András Horváth, a former tax inspector for Hungary’s national tax agency, claims that organized crime groups have collaborated with government authorities to profit from hundreds of millions of dollars worth of Value Added Tax (VAT) fraud.
In a press conference on Friday, Horváth said that he is risking his personal safety to “take a stand” against the alleged collaboration between Hungary’s National Tax and Customs Administration (NAV) and organized crime groups.
He says that widespread VAT fraud drains hundreds of millions of dollars from the tax, which is supposed to be levied on products as value is added at each stage of production, and then be paid by the end buyer.
Horváth said companies in Hungary and neighboring Eastern European countries have used illegitimate VAT refunds in “carousel transactions” in which conspirators sell goods to each other across borders and fraudulently claim reimbursement from the tax authority for VAT that they never actually paid.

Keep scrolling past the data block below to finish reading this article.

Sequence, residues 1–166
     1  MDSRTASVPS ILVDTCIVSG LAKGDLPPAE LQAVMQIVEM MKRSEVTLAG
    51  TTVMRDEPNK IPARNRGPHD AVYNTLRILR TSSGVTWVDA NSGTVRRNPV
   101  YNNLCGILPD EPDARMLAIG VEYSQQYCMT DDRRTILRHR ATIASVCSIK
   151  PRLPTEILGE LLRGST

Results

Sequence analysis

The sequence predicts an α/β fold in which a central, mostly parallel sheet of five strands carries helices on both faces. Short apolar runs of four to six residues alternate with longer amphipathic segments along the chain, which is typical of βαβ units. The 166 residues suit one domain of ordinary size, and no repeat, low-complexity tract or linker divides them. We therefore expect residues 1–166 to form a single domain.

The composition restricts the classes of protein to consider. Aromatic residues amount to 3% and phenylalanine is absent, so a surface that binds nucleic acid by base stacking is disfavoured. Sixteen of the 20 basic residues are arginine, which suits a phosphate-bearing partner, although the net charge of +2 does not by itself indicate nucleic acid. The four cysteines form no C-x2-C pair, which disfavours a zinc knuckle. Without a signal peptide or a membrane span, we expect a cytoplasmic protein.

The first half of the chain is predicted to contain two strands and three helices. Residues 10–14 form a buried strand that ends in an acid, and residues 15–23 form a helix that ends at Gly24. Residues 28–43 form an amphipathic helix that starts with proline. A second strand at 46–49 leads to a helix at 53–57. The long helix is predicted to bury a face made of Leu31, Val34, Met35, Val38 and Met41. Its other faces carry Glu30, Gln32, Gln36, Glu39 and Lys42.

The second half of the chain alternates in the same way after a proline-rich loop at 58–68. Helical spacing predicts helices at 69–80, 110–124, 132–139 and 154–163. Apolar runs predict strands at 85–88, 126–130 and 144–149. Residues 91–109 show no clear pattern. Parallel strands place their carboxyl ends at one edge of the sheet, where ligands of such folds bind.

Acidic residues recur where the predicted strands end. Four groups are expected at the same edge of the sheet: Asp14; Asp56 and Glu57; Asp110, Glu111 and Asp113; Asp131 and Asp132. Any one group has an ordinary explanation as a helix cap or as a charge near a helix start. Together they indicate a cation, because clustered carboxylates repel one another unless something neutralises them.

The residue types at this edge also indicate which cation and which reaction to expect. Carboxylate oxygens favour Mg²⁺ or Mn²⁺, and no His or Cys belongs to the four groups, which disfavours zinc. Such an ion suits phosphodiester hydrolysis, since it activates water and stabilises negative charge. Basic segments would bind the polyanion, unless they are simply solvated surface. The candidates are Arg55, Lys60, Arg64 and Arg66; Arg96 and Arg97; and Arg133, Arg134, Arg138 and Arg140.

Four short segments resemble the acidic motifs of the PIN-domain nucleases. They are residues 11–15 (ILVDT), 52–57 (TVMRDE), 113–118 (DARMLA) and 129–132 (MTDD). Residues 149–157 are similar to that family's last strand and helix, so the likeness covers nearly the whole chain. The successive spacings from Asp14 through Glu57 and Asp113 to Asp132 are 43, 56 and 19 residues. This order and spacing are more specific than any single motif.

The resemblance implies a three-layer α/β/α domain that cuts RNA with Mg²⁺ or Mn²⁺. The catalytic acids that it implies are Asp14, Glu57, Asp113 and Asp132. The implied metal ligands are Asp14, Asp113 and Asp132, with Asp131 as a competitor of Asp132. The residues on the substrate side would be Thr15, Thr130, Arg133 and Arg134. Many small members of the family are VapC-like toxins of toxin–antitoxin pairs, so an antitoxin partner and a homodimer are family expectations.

Horváth said such cross-border tax fraud networks are operated by organized criminal groups and that in the food industry alone, more than 100 Hungarian companies have worked with Slovakian, Romanian, Czech, and Slovenian companies to commit tax fraud. He said they have acquired over US$950 million in the past two years.
According to Horváth, corruption took root in the tax authority during management and personnel changes that occurred in 2007. Horváth said NAV personnel today not only fail to supervise large companies and their subcontractors, but also transfer those who try to combat any corruption to positions where they are powerless to investigate. This creates a “join the club or leave the market” business culture, according to Átlátszó.
The investigative center believes the VAT fraud deprives the government of between five and six percent of annual GDP.